Time travel with git

Scenario:

A thing about using git rebase is that it changes git history, and changing history is always risky (you’re not a Time Lord or a time agent)

Occasionally, you mess up. Running git log gives you a messed up git history, with duplicated and/or missing commits, and multiple merges of the same branch, and blah… blah…

On the bright side, you are using git, and that gives you the power of a time traveler.

Saviors of the day: ‘git reflog’ and ‘git reset’

A good thing about git is that all your committed changes are never truly gone (This is not actually true, though: traceable commits (commits whose children link to a t least one reference) are always …traceable; but orphaned commits will be gone in around 2 weeks by default, and thus, you have around 2 weeks to save your lost work), and can be traced back using git reflog.

This is an example of what produced by git reflog.

07f84b9 [email protected]{0}: checkout: moving from master to demo
41b8897 [email protected]{1}: reset: moving to origin/master
a54fdd2 [email protected]{2}: checkout: moving from demo to master
07f84b9 [email protected]{3}: merge master: Merge made by the 'recursive' strategy.
11b3cff [email protected]{4}: reset: moving to origin/demo
a54fdd2 [email protected]{5}: merge master: Fast-forward
11b3cff [email protected]{6}: checkout: moving from master to demo
a54fdd2 [email protected]{7}: rebase -i (finish): returning to refs/heads/master
a54fdd2 [email protected]{8}: rebase -i (pick): Hotfix: Check for AssetsConfirmed required value
c2a2f45 [email protected]{9}: rebase -i (pick): Move checkEmptyField into a separate javascript utils file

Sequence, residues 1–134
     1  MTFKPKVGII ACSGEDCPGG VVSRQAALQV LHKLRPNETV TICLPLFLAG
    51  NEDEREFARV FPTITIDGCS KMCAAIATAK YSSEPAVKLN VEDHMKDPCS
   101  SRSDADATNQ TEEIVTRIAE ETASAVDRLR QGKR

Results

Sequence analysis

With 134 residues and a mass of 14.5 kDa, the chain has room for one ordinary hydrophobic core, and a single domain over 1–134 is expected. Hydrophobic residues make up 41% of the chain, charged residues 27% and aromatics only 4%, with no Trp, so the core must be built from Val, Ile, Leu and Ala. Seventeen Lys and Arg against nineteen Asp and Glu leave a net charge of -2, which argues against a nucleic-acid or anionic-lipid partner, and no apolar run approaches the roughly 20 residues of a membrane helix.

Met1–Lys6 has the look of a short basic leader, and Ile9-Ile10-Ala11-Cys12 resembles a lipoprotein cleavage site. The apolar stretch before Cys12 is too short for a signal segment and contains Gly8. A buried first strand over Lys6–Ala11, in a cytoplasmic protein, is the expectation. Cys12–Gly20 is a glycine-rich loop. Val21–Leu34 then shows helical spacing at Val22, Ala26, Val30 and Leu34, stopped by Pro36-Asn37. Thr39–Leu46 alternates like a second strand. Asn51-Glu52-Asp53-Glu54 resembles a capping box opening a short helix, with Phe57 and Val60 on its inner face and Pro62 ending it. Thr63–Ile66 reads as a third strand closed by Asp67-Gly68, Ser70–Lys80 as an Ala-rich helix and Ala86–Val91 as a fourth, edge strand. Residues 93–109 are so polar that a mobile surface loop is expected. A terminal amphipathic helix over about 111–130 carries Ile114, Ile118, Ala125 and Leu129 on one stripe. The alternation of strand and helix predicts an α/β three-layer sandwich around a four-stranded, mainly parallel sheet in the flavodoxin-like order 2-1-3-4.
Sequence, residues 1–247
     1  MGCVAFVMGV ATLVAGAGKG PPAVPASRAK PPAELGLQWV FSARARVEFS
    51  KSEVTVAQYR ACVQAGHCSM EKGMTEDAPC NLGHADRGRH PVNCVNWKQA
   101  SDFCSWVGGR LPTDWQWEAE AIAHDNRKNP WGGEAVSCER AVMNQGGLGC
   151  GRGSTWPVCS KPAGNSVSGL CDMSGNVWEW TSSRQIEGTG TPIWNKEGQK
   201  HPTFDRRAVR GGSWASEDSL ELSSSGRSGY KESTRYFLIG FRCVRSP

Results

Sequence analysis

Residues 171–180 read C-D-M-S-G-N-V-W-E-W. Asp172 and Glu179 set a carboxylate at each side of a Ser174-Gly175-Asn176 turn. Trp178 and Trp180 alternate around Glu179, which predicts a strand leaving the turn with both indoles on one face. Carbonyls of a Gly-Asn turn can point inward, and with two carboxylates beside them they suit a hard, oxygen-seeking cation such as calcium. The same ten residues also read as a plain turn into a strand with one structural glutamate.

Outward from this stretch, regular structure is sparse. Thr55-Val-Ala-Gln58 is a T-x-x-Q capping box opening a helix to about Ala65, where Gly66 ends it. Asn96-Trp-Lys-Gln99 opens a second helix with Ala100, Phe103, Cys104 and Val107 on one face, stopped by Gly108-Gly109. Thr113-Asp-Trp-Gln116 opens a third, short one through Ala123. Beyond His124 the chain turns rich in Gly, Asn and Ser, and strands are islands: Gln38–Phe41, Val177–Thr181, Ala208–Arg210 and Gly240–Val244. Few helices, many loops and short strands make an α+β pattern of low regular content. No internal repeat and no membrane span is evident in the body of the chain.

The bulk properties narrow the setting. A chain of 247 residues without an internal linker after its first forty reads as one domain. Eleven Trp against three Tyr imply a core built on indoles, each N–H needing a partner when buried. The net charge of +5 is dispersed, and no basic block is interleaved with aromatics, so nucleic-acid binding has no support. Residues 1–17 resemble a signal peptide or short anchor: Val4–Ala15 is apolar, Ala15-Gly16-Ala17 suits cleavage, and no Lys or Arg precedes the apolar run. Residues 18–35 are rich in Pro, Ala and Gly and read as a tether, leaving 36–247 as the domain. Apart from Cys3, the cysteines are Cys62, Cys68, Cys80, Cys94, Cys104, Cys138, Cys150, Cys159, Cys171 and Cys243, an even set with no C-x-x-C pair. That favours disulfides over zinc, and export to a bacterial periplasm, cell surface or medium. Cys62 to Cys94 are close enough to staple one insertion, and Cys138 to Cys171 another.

11b3cff [email protected]{10}: rebase -i (start): checkout demo
41b8897 [email protected]{11}: rebase: aborting
11b3cff [email protected]{12}: rebase: checkout demo
41b8897 [email protected]{13}: checkout: moving from demo to master

In the above example, you can see all the actions you have been doing to your git tree, and all the references to all the HEAD’s that you have been on.

For example:

41b8897 [email protected]{1}: reset: moving to origin/master

means that you have called

git reset origin/master

which makes the current working directory points to 41b8897. The hash 41b8897 is what would be used for a git reset (in case you want to reset your current branch to that point of time)

`git reset` changes the current branch's address to another git commit.

For example, I am currently on demo, and want to point demo from wherever to the current origin/master, I can do either

git reset origin/master --hard

or

git reset 41b8897 --hard

Note: specifying --hard forces resetting the content of the current directory to the destination commit, not only the reference of the current branch

Official documentation: